Risks Outweigh the Benefits for Actavis in China

Published on Author tamayoa16

According to Benjamin Schobert, a writer for Forbes, the pharmaceutical company Actavis has decided to pull out its investments in China. This comes as a surprise, since the growing pharmaceutical market in China would suit Actavis’ investments. So why did they decide to pull out of China?


It is addressed that there are possibly two ideas behind the reasoning for Actavis’ decision. First, it could have been a statement in regards to China’s diminishing hospitality towards foreign businesses in general. Secondly, it could have been that Actavis was not in a favorable position for their business to grow in China. The idea that Actavis could not have been profitable in China raises another question: Is there a demand for healthcare goods and services in China? The short answer is yes, but the main concern is whether or not foreign companies can seize the opportunity while still making a sizable profit.


What is holding companies like Actavis and GSK back from making a profit in China? Both companies have come to realize that the government is their biggest customer and also their biggest obstacle. Healthcare in China has become an increasingly political matter and the government is responsible for the funding mechanism that has made the availability and affordability of healthcare for the average Chinese citizen unattainable. Fully understanding the healthcare situation in China, it can be seen why Actavis has begun to pull out of China.


Further Reading

5 Responses to Risks Outweigh the Benefits for Actavis in China

  1. In all of these posts about barriers to entry in China, companies pulling out or refusing to enter the Chinese market, etc., it always seems to be the case that the main problem is the Chinese government. I wonder if China will ever open up its borders to immerse itself in a more globalized market in the near future? Its hesitancy is understandable, I suppose, as it itself is a big enough market for essentially any nation. It seems that serious political change will have to precede any grand opening up of the Chinese market in any case, though.

  2. Hypothetically speaking, if the reason for Actavis’ pulling out of China is that their government was not being ‘hospitable’, then some pessimists might speculate that history is repeating itself. Throughout history, China has been known to have been a civilization that was brilliant in mathematics and ingenuity, but purposefully alienated itself from the outside world. This prevented them from access to new ideas that were borne outside of their borders and can be blamed for limiting their full potential as a country. In also considering their slowing economy, if China continues to push businesses out, they could experience major economic decline.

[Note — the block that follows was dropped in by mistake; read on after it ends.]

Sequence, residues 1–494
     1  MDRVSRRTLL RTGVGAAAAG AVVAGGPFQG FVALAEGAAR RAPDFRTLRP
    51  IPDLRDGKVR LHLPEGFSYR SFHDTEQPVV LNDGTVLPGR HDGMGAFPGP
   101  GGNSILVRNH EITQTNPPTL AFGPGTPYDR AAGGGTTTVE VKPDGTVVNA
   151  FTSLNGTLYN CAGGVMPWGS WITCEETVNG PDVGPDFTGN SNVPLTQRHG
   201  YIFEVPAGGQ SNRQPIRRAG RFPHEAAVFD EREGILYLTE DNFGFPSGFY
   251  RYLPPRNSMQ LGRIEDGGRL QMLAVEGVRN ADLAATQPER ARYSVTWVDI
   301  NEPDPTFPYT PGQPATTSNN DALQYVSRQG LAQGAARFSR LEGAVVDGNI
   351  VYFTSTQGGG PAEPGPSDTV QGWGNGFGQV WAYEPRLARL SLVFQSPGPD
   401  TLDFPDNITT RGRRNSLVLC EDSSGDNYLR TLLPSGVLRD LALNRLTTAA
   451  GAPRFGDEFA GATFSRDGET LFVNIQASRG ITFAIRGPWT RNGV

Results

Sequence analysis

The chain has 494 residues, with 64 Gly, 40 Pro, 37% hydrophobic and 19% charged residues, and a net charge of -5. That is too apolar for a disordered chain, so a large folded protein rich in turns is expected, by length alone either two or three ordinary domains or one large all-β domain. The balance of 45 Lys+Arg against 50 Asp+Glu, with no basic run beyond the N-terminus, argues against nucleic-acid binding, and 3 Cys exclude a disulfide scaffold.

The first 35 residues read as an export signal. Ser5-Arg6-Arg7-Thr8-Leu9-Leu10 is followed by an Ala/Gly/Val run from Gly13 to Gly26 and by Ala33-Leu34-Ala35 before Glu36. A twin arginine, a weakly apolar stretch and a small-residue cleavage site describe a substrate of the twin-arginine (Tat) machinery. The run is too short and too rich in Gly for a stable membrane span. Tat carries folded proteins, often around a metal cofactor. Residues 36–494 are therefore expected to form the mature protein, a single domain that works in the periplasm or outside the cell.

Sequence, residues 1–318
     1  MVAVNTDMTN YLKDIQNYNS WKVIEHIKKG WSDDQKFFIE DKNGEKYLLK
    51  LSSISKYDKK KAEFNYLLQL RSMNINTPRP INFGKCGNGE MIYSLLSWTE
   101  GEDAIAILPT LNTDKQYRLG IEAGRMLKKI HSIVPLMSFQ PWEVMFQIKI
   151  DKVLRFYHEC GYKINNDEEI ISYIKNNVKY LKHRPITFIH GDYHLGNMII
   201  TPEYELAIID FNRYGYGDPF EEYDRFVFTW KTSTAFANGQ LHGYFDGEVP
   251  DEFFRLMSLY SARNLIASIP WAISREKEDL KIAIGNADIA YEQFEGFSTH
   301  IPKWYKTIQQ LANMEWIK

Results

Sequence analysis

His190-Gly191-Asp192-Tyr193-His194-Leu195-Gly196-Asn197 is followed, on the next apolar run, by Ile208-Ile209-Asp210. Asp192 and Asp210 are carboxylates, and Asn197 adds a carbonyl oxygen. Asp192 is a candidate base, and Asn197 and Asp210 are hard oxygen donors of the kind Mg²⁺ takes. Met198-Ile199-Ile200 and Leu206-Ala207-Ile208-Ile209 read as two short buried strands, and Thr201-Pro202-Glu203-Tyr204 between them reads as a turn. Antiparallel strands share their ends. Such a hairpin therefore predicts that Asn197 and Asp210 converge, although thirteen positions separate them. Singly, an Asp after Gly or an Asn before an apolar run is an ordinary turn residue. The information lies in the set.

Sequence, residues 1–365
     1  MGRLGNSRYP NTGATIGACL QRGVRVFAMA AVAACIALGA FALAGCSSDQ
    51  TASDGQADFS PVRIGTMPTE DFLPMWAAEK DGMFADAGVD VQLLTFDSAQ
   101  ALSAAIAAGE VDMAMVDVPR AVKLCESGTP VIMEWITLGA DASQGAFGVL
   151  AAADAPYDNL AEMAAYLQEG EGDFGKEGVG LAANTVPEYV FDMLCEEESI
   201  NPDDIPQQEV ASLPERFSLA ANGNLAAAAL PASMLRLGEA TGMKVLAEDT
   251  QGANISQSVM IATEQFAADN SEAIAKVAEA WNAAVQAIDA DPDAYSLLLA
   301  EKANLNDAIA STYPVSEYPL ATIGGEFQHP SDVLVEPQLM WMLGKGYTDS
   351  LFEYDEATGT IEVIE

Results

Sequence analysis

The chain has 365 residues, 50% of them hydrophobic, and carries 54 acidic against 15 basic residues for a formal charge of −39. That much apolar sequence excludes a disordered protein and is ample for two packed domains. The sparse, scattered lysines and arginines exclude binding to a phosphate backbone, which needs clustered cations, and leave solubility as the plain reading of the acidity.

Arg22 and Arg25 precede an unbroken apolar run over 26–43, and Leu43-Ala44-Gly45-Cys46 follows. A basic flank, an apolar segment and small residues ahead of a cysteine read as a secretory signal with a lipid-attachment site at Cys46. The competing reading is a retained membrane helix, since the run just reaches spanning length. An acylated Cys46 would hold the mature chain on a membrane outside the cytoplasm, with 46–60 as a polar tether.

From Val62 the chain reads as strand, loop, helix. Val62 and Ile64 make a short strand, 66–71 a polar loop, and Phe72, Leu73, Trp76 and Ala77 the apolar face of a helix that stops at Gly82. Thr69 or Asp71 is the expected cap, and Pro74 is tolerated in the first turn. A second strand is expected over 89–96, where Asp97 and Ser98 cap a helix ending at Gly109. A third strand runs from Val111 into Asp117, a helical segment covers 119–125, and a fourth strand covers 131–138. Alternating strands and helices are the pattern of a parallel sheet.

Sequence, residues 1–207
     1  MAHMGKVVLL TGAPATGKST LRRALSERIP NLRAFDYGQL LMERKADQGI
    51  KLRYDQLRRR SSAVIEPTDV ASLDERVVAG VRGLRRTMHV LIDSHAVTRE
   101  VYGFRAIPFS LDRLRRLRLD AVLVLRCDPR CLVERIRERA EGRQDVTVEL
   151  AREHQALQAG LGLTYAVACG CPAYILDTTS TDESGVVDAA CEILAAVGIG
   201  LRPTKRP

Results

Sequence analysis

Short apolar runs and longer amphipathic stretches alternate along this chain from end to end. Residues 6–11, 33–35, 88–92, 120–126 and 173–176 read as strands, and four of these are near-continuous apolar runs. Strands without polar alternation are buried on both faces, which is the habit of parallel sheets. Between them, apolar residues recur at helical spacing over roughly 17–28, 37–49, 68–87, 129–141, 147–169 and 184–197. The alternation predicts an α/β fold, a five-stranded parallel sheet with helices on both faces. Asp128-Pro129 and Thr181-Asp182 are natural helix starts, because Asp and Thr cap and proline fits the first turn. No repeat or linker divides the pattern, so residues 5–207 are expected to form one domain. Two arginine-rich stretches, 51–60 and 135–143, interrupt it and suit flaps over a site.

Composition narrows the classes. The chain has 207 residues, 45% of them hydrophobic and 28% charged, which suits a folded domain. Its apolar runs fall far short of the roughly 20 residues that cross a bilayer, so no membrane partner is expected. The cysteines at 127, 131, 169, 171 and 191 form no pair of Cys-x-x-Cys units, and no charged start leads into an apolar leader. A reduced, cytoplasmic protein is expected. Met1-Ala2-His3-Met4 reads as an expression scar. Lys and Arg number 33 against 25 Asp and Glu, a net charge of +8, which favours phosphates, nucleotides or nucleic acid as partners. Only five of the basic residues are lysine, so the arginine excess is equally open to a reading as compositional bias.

• Be careful about broad-sweep statements: it is not true that China purposefully alienated itself across its broad history – or that “China” in (say) 1 AD has anything in common with the People’s Republic except that they occupy the same geography and that modern Chinese is linguistically derivative from classical Chinese.

  3. What specific pharmaceuticals was Actavis attempting to market? These sorts of discussions need to be made concrete. If their primary products are ones for which close substitutes are available, then it may be a pricing policy that discourages doctors and hospitals to use their (potentially superior) drugs.
    We also have to realize that the US is highly unusual as a market for pharma. We have a patent system that was influenced by the industry, and varies from those elsewhere. We also have prices far, far higher than elsewhere due to our lack of a healthcare system [the US has healthcare, but “system” is problematic]. It is perfectly understandable that other countries are reluctant to import our practices and our prices.
    Look for articles on clinical trials in China. The technical skills available there may make entry attractive as a cost-effective alternative to running drug trials in the US or Europe or Japan, plus the sheer size of the population provides a larger potential patient base for diseases that are uncommon.

  4. Remember, pharmaceutical companies face very big business incentives in the form of patents on their drugs and subsidy of their research. How do these considerations tie into Actavis’s decision? Pharma also have specialized ties to regulatory agencies–e.g. they pay speaking engagements for FDA officials and the “scientists” who lead the studies seeking drug approval. In a centralized economy like China’s, considerations like these play a big part in the business’s ability to develop, monopolize, and market drugs to consumers.